Sometimes, the only reason you search for a certain recipe online is not really to learn how to cook a dish, but just to confirm that these are the correct ingredients, or to review the steps so you can be sure you remember it correctly.

There is lack of freedom

Cooking is about freestyle. If it tastes bland, add more spices to taste. You can control what goes in the dish, and you can even add your own twist. Compared to following the recipe, you are limited to the ingredients and procedures which are stated in the instructions.

It serves as an inspiration

Recipes are not only limited on written texts. Sometimes, recipes—even the lutong bahay recipes you have perfected in cooking—are shown through small video clips found in social media which makes users’ mouth water, and be inspired to replicate these dishes with their own twist.

You will learn improvisation

Recipes are just too complicated sometimes, even with the ingredients just before getting to the part of actually preparing the dish. Sometimes, the ingredients are not even found in the area (or in the country at all). This is where you will learn how to improvise, find ingredients which are similar in taste and feel.

Key Takeaway

To conclude, does following a recipe make you a better cook? It can improvise your cooking skills, and it could certainly teach you a lot of hacks and techniques on making your dish preparation easier. That doesn’t mean that you have to follow and rely on recipes all the time. Remember, your cooking skills get better by learning on your own too. You don’t become a better cook by sticking to recipes, but then again there are times when recipes help correct and improve food preparation.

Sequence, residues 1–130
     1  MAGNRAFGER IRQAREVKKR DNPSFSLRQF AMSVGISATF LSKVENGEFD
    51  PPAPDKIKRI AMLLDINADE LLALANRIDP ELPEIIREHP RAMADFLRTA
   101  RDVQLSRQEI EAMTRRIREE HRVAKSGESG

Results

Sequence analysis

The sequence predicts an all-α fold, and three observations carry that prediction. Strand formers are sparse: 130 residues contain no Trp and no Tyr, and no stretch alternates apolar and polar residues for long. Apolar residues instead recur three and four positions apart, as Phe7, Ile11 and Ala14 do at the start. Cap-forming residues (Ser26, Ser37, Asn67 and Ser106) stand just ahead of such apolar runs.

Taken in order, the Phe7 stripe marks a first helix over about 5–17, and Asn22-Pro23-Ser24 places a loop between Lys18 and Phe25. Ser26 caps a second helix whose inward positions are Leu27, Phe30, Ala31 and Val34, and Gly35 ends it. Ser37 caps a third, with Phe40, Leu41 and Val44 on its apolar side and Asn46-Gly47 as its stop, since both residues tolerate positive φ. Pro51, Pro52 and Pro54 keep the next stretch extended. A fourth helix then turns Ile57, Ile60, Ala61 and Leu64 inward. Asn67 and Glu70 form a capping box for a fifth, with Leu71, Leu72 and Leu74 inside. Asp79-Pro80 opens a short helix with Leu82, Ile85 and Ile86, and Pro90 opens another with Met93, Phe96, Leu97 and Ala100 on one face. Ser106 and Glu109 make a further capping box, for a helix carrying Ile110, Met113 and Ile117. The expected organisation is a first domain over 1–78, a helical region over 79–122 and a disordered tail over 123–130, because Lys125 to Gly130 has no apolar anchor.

About the author

Praveen Rajarao

Praveen Rajarao is an Entrepreneur and in his spare time blogs on his website – and His topics range from blogging to technology to affiliate programs and making money online and how-to guides. Daily Morning Coffee is also accepting Guest Posts from Professional Bloggers at this time, take a look at “Write For DMC” page for more details on the same.


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  • not only following a recipe make you a better cook, keep trying that recipe until you have desired taste make you a better cook,
    thanks for sharing this this

  • I always used to say that cooking is an art. In this article I got a new point – “it is a science”. Well, cooking is of course a science because of the chemistry that happens inside the dish but a lot of human discretion is used in cooking. So it is both science and art. Had it been just a science, everyone could have cooked tasty food with a recipe manual at hand.

  • I think following my recipe is good, back to us how we make it better than the recipes we have followed. we are clever in managing the ingredients of the cooking and spices that we will make later. great article
    Dandyamo recently posted…Paket Pernikahan JogjaMy Profile